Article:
Abstract

Oman’s economy is dominated by the oil sector and a large central government. Oil accounts for about 40 percent of GDP. about 92 percent of exports, and about 75 percent of budgetary revenues.1 Central government expenditure was equivalent to about 49 percent of GDP on average during 1981—95, one of the highest ratios in the world. Budget deficits have been high, averaging about 10 percent of GDP over 1991—95. Fiscal adjustment has become an increasingly important concern for Oman, since the assets of the State General Reserve Fund (SGRF)—established in 1980 to create a source of revenues after the exhaustion of oil reserves—have been substantially depleted to finance the large budget deficits. The government has been fully aware that the fiscal policy stance pursued through 1995 is unsustainable, and accordingly it adopted a medium-term fiscal consolidation plan beginning in 1996 as part of its Fifth Five-Year Plan. As a result of the government’s swift implementation of policies envisaged under the FFYP, the budget deficit declined to an average of 2.4 percent of GDP in 1996–97, and the ratio of expenditure to GDP fell to about 38 percent. The effect of fiscal contraction on non-oil real GDP growth has been moderate, which might be evidence for an increasing robustness and independence of private sector economic activity from the government’s impulses.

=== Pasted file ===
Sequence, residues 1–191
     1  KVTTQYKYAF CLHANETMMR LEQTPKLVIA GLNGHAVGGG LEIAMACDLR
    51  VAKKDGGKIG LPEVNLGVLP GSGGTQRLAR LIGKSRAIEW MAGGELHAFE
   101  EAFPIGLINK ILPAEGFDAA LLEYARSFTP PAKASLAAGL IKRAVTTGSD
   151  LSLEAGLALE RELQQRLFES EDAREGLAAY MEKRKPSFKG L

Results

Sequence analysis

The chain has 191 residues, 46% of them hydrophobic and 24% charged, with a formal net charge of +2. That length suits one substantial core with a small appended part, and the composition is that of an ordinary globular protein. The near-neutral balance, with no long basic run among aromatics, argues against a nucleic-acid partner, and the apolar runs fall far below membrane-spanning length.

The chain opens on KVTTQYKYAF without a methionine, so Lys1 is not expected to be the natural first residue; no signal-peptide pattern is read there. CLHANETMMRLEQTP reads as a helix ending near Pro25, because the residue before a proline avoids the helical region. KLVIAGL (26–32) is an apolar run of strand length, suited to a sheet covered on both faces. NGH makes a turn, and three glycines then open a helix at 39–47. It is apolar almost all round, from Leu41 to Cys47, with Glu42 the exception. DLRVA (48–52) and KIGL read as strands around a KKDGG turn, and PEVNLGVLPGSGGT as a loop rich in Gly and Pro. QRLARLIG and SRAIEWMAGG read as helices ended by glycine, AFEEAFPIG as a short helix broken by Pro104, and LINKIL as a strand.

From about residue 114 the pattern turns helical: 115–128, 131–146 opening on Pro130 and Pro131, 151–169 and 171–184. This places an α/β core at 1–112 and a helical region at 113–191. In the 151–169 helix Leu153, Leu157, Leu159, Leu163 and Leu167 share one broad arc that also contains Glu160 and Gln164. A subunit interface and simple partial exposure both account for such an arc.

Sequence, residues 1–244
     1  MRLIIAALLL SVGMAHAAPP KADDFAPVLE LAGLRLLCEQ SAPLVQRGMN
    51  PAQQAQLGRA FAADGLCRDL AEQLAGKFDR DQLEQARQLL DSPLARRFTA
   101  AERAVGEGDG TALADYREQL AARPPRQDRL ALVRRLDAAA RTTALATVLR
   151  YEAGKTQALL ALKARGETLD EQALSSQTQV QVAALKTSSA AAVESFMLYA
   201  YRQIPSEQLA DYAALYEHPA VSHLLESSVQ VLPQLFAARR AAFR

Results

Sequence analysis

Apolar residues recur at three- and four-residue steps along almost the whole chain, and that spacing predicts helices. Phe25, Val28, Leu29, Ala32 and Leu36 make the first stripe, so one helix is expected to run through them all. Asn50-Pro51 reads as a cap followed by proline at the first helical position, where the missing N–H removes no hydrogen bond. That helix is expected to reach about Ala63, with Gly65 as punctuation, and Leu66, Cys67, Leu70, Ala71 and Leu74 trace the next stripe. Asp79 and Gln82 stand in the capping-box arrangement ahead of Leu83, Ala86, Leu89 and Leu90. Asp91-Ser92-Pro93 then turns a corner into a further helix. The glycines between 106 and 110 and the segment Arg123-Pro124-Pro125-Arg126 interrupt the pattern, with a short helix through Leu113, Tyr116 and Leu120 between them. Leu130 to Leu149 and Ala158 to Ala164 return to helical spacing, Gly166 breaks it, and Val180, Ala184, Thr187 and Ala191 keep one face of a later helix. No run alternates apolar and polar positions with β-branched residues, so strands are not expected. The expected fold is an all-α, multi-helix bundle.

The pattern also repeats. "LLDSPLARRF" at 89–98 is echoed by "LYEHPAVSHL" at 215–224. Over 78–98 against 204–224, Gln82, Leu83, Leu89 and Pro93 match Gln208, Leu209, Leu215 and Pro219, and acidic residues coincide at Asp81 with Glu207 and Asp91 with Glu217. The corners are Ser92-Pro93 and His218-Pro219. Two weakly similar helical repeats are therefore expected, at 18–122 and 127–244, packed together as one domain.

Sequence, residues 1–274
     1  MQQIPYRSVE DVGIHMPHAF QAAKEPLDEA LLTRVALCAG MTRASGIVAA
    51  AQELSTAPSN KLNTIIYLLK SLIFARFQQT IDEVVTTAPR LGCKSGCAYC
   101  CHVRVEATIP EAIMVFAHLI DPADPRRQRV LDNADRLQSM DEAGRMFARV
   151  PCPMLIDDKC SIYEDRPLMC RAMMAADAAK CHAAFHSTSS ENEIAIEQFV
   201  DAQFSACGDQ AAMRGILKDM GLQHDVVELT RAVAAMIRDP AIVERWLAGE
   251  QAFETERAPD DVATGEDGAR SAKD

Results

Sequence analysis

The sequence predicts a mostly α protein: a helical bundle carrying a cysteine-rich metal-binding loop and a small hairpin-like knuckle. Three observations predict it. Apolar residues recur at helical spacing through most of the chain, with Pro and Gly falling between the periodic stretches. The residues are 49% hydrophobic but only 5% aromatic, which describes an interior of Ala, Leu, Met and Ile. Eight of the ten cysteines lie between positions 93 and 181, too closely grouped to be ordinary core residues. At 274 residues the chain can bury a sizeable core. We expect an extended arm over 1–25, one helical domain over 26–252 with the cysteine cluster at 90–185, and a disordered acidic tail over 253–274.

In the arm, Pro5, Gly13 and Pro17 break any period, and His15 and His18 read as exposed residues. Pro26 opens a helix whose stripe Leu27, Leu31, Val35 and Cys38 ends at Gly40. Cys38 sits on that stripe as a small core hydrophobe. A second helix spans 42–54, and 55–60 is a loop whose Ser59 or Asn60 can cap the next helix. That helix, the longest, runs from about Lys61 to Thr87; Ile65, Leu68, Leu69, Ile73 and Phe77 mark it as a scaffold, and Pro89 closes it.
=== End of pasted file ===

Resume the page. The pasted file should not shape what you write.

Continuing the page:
Policies Toward Sustainable Growth